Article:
Nokia unveils Lumia 900 smartphone at CES

Windows Phone 7.5 device to run on AT&T's LTE network

Nokia on Monday unveiled the Lumia 900, its first 4G LTE phone, which will run over the AT&T network.

Nokia CEO Stephen Elop introduced the Windows Phone 7.5 (Mango) device at a press conference at CES, where he was joined by Microsoft CEO Steve Ballmer.

The Lumia 900 will follow Nokia's first Windows Phone, the Lumia 710, which will run on T-Mobile USA within a matter of days for $49.99 after rebate and with a two-year contract.

"We have a lot of room to go in terms of selling Windows phones," Ballmer said, but he noted that AT&T is already the biggest Windows Phone carrier in the U.S. Windows Phone has less than 3% of the smartphone market, well behind Apple's iPhone and various Android devices.

AT&T Mobility's CEO Ralph de la Vega joined Elop and Ballmer in the announcement. "Believe me, I think Nokia is going to be back in the U.S. in a very big way," de la Vega said.

"This phone is truly built around people and not applications." The Lumia 900 will ship in coming weeks, he said.

Nokia emphasized high-quality front- and rear-facing cameras in the Lumia 900, but otherwise discussed few details.

Prior to the announcement, various blogs said the phone would have a 4.3-in. screen and an 8-megapixel camera. The phone has a 1.4 GHz Snapdragon processor, an 1830 mAh battery and 16GB of internal storage.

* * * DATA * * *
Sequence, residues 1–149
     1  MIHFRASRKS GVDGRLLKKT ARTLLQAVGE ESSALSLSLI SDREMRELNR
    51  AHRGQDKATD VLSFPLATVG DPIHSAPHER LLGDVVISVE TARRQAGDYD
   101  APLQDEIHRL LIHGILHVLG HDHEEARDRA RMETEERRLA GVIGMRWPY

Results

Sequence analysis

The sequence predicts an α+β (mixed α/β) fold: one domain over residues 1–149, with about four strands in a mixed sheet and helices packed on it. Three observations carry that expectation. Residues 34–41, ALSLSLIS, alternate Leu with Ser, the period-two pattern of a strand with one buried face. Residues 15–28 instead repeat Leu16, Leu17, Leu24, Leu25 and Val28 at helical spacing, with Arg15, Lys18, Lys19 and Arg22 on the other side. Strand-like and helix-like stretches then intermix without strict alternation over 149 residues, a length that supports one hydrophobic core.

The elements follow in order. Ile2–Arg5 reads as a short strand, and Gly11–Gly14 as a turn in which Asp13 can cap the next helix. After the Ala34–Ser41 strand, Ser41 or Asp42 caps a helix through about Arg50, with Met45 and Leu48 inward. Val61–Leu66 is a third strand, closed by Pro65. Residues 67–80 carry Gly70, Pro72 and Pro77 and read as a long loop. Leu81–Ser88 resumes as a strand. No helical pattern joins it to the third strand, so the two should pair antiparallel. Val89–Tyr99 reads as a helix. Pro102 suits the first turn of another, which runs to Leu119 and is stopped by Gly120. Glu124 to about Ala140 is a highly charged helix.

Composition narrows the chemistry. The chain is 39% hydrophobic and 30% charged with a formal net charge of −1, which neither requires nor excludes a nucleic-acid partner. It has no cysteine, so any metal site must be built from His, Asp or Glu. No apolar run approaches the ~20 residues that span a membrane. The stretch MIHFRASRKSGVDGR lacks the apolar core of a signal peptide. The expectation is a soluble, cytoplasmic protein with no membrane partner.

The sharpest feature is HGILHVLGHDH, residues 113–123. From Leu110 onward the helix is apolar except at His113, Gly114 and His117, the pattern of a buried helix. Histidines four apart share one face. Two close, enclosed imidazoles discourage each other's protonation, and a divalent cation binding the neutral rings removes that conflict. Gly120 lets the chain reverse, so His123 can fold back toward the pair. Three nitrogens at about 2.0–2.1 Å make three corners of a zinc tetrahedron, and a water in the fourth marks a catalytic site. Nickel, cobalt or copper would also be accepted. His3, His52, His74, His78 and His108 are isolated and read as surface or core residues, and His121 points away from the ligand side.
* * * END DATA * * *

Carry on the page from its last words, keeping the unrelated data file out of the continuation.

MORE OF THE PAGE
Pricing for the Lumia 900 was not disclosed.

The Lumia 900 smartphone

The Lumia 900 smartphone from Nokia.

Want more on CES? See our roundup of everything you need to know from CES and our interactive chart of top CES product launches.

Follow our staffers live from CES in Las Vegas Jan. 9-12 on Twitter @Computerworld/CES or via our CES 2012 RSS feed.

Plus, check out our live blog from CES.

Matt Hamblen covers mobile and wireless, smartphones and other handhelds, and wireless networking for Computerworld. Follow Matt on Twitter at @matthamblen or subscribe to Matt's RSS feed. His e-mail address is

Copyright © 2012 IDG Communications, Inc.

It’s time to break the ChatGPT habit
Shop Tech Products at Amazon